Engineering Origins – Adaptive Circuitry

Following the recent release of the Halcyon Gold Overdrive, we are pleased to say there has been a renewed interest in our pedals, particularly those that feature our Adaptive Circuitry. You’ve most likely already heard the sales pitch from us about how this proprietary tech can improve your tone, but what goes through a designer’s head when coming up with a new concept like this? We asked Origin Effects founder, Simon Keats, to answer some of things you may have been wondering about. 


Where did the idea for Adaptive Circuitry come from? 

SK: I was working on the M-EQ Driver and had successfully developed an adaptive approach to implementing a high cut control. The purpose was to allow a user to roll off highs and dial in a smooth drive tone, without degrading the sonic accuracy of their clean guitar tone. It later occurred to me that the technology might have wider applications. Much of the drive market was split between vintage-accurate reissues, on the one hand, and the latest and greatest transparent boosts on the other. Each approach had its pros and cons. Classic drives offer smooth harmonics but often don’t clean up well. Transparent boosts offer a faithful production of guitar tone but eventually run out of clean headroom and clip in a harsh manner. I wasn’t sure whether it could be done, but it seemed that an adaptive approach might combine the best of both products, without the usual pitfalls. The idea was to offer unrivalled transparency, combined with the smooth breakup characteristics of a classic drive pedal.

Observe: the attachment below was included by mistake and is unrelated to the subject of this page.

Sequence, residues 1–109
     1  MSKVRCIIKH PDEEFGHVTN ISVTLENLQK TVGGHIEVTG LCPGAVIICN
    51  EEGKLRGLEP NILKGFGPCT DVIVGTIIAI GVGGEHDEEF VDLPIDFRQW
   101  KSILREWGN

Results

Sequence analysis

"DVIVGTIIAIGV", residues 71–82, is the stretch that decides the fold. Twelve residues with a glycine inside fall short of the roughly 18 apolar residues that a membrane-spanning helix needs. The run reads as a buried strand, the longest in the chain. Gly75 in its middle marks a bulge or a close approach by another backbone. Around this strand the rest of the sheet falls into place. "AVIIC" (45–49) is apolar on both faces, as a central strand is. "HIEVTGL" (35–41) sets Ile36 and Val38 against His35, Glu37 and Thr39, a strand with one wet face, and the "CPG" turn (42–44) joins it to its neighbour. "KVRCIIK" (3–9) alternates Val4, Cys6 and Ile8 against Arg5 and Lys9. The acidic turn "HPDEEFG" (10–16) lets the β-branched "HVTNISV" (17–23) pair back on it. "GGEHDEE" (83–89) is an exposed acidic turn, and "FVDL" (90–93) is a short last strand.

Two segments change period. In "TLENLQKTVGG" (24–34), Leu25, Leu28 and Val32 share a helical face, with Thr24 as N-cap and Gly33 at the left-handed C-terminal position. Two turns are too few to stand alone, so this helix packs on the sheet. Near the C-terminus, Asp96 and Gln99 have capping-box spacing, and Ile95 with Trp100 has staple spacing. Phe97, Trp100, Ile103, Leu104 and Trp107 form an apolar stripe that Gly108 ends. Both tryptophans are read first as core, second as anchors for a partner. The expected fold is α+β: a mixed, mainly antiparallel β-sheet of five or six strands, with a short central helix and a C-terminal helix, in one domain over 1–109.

The 4 current Adaptive pedals – Halcyon Green, Halcyon Gold, M-EQ DRIVER and DCX – are quite different. Why choose those circuits in particular? 

SK: The Halcyon Green and Halcyon Gold drive pedals deliver classic rock tones, with the ability to sympathetically deliver transparency in response to player dynamics. Whilst undeniably chosen in part for their overwhelming popularity within the guitar community, most importantly the TS and K-style pedals each feature a prominent, mid-forward voicing which greatly benefits from the “adaptive” treatment. These well-known tones seemed like a good way to showcase the new technology.  

The M-EQ Driver and DCX Boost were inspired by a love of tube technology. Classic 1950s studio equalisers exhibit highly flattering EQ curves and provide vintage colouration when pushed. The objective here was to provide simple, utilitarian functions, with an inherent musicality that stands apart from the majority of more typical stomp boxes. The whole idea was that they don’t sound like ordinary overdrives. Both pedals feature conventional EQ functionality with an extended treble response. The Adaptive Circuitry allows the user to selectively attenuate harmonics, without compromising the high frequency content of clean sounds. This ensures excellent compatibility with a range of guitar amps, where the drive sound might otherwise take on an overly bright and abrasive quality. 

The hope was that players would recognise the advantages of the Adaptive Circuitry, then pick the direction they wanted to take; tried-and-tested pedal tones or something studio-inspired that they may not have heard before. 


Will there be more Adaptive pedals? 

SK: The Adaptive Circuitry is now a useful addition to the Original Effect toolbox. No doubt, it’ll feature in future releases. It could be a user selectable parameter, or perhaps a sneaky “under the hood” implementation. I guess time will tell! Of course, it would be nice to expand on the Halcyon range, with more classic drive interpretations. As with the two current Halcyon pedals, it must not only be a classic sounding pedal, but also one where the Adaptive Circuitry really contributes something usable and musical. We won’t do it unless we’re confident we can do it right.